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Librarians are quiet heroes, guardians of the books, and underrated alternative to a search engine. They used to be our one stop for all our general knowledge needs however Google (other search engines are apparently available…) have slowly but surely taken that responsibility away from the libraries.

Librarians used to deal with all the strange, creepy, interesting, and outrageous questions the general public had to ask- and you will not believe some of the stuff people are willing to ask a stranger.

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Study Shows Growing up in a Home Full of Books Is Good for Children

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Those of you who buy more books than you can read will be pleased to learn that a recent study suggests that this is having a positive effect on you and any little ones that may be around. Evidence suggests that those who grow up in homes full of books are more likely to have higher reading comprehension and better mathematical and digital communication skills. Read More

Bill Clinton’s First Novel Has Sold over 1 Million Copies

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Despite only being released a few months ago on June 4, Bill Clinton’s first novel has managed to sell over 1 million copies in North America alone. Co-written with James Patterson, The President is Missing is a thriller which sees the President go undercover after a devastating cyber attack. The novel is Clinton’s first work of fiction and was no doubt helped by having such a prolific co-author on board.
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For the Eleventh Year, James Patterson Remains the UK’s Most Borrowed Book from Libraries

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Data gathered by the Public Lending Right (PLR) has found that James Patterson’s thriller books, along with thriller books in general, are the most borrowed books from UK libraries. For the eleventh year in a row, James Patterson has been crowned the most borrowed author from public libraries. In fact, his books have been borrowed over 22 million times since 2007.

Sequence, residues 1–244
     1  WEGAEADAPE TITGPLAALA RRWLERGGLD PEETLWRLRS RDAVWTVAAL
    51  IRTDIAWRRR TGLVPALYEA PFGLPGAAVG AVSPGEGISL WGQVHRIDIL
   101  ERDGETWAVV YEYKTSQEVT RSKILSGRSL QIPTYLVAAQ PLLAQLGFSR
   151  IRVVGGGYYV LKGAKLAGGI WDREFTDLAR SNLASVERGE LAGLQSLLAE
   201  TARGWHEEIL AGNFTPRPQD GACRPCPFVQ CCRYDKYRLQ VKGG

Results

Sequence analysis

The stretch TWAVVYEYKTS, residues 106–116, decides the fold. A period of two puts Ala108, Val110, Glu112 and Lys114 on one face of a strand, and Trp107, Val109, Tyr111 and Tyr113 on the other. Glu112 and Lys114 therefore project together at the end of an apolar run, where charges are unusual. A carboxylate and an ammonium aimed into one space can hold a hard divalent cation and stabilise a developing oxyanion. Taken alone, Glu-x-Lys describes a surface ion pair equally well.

As The Guardian reports, Patterson has stated he’s thrilled to be holding on to his crown, while also giving his support for libraries. “I firmly believe that better readers become better thinkers and I think libraries are an integral part of any community, as they are essential in helping to share and spread the joy of reading,” he said. His 2016 novel, Bullseye, was the ninth most borrowed book from UK libraries last year. Read More

Ikea Will Soon Be Offering Customers Reading Rooms, Where You Can Even Take a Book Home for Free

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As though it weren’t easy enough to lose track of time wandering around Ikea, the furniture giant has now announced that it will soon be hosting Reading Rooms, a place where members of the public will be able to go to sit back, relax, enjoy a good book, and even take it home free of charge.

As Metro reports, Ikea has partnered up with the Man Booker Prize to offer visitors a place where they can get comfy and enjoy one of many great books on offer. If you find yourself becoming engrossed in your book, then you can take it home with you for free! You might be wondering how that differs from your local library, but does your local library provide you with delicious Swedish meatballs? Didn’t think so. Read More